·         Think about what will help you relax during your pelvic exam. You can do deep breathing during the exam, chat with your doctor if that serves as a distraction, think about a nice memory during the exam to distract you, or ask your doctor if it would be okay for you to listen to music of your choice (you could bring an iPod or MP3 player for example) that helps you to relax.

As for whether these exams are “optional,” the fact is that nobody is going to force you to have these exams. Your parents may decide to take you while you are under their care, but the fact of the matter is that once you are an adult it will be up to you to schedule these appointments yearly – nobody is going to make you go. While it will ultimately be your decision whether to go or not, FX wants to stress that it is an extremely HEALTHY decision to have yearly gyn visits. These exams help to ensure that you stay healthy. They can detect problems with your external and internal reproductive organs early on – and treating medical problems is generally always easier when caught in the early stages. In addition, if you think you might ever want to have children, having gyn exams is definitely going to be helpful. In addition to making sure that you are healthy as you try to get pregnant, it can help prepare you for all that is involved with prenatal exams and childbirth.

FX thinks that it would be helpful for you to understand why gyn exams are so highly recommended. Think about the following benefits of gyn exams, and hopefully that will help to offset any concerns you have about them:

·         Breast exams can help detect any lumps, cysts, or other problem areas that may require further evaluation and treatment. The earlier these kinds of problems are detected, the better.

·         The external evaluation of the vulva (the external genitalia) ensures there are no sores, swelling, or other problems.

·         The internal examination allows the doctor to assess any problems with the size and/or position of the ovaries and uterus. The doctor can also examine the walls of the vagina and the cervix and perform screening tests, such as Pap smears and tests for STDs.

·         Pap smears are recommended soon after starting intercourse or at the age of 21 – whichever comes first. Pap smears can alert doctors to any abnormal cell changes, as well as cervical cancer. Regular pelvic exams and Pap smears allow most pre cancerous conditions to be detected and treated before cancer develops, preventing more invasive cancers from developing.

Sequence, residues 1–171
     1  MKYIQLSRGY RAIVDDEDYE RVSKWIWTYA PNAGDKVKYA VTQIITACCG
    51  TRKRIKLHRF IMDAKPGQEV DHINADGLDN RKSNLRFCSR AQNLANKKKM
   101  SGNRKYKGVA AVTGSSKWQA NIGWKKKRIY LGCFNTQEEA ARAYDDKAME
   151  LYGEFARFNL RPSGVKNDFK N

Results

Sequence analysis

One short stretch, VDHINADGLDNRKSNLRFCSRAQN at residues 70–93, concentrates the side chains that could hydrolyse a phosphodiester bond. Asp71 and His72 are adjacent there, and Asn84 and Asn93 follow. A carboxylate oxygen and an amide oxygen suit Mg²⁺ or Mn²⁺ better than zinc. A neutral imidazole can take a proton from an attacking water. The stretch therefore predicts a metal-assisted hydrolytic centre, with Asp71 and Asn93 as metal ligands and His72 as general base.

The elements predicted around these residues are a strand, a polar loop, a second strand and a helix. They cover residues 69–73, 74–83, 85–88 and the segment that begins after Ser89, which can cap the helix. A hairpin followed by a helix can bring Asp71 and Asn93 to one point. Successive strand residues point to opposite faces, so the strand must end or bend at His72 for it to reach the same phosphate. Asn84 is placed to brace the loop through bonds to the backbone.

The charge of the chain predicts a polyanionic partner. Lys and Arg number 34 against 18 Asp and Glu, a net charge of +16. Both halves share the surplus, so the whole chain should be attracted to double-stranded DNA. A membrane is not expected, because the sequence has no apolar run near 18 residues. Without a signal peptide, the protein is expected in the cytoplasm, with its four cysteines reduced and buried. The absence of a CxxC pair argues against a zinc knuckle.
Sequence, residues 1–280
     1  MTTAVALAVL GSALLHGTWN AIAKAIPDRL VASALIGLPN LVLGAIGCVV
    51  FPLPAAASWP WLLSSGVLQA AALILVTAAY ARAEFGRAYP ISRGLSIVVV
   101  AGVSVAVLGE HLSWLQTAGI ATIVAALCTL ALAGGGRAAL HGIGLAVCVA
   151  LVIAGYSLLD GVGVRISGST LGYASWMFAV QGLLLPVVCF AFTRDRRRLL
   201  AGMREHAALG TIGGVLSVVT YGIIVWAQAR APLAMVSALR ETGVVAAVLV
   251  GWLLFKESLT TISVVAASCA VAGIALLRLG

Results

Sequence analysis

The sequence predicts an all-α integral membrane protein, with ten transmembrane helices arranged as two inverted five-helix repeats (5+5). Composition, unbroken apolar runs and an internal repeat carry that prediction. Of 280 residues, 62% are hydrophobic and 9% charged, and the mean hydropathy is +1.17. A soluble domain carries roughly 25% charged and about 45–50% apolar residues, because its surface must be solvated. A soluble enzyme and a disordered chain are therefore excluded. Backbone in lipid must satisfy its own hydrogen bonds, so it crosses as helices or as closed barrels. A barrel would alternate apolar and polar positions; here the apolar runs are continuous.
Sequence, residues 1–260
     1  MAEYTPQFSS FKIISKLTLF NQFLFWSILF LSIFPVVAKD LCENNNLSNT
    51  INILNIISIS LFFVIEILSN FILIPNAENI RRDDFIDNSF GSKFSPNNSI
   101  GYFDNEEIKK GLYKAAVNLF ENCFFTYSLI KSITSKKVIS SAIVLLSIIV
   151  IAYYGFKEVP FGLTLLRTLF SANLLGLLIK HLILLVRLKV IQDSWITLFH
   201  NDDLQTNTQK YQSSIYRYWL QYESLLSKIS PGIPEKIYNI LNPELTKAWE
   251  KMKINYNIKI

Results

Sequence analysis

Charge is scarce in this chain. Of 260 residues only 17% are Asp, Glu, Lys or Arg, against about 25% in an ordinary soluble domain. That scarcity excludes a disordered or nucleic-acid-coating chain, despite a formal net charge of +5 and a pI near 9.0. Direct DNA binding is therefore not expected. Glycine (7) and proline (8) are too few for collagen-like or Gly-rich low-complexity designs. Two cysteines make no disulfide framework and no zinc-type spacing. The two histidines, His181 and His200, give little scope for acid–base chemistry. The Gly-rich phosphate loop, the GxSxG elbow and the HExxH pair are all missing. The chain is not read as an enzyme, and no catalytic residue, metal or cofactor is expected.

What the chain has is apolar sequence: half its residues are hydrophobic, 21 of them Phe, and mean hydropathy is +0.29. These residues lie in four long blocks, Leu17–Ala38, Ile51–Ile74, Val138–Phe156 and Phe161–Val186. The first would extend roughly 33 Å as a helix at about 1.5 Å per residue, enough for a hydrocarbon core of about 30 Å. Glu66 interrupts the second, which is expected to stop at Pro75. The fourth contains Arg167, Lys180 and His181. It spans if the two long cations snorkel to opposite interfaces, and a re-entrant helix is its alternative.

·         Your doctor can talk to you about certain vaccinations, such as Gardasil.

·         Your doctor can provide education about protecting yourself from unwanted pregnancies and the transmission of STDs at whatever time you decide to become sexually active, and can help you make a decision about the best safer sex methods for you.

·         Your doctor can test, when necessary, for any STDs.

·         If there ever is any kind of medical problem you need to address, it can feel better to have a gynecologist in place who you already feel comfortable with and have a good doctor-patient relationship with rather than having to scramble to find someone who is totally unknown to you when you are in the middle of dealing with a problem. 

If you continue to feel really nervous about the idea of a gyn exam, as it gets closer to your needing one, talk about it with your doctor. Let him/her know how nervous you are feeling about it and ask for some additional suggestions of how to manage your anxiety so that your feelings do not get in the way of your having these very important exams performed. Most women who get their yearly gyn exams agree that the trouble these exams can save a person in terms of allowing for early detection and treatment of serious medical problems is well worth the few minutes of minor discomfort once a year.

Signed: TeenHealthFX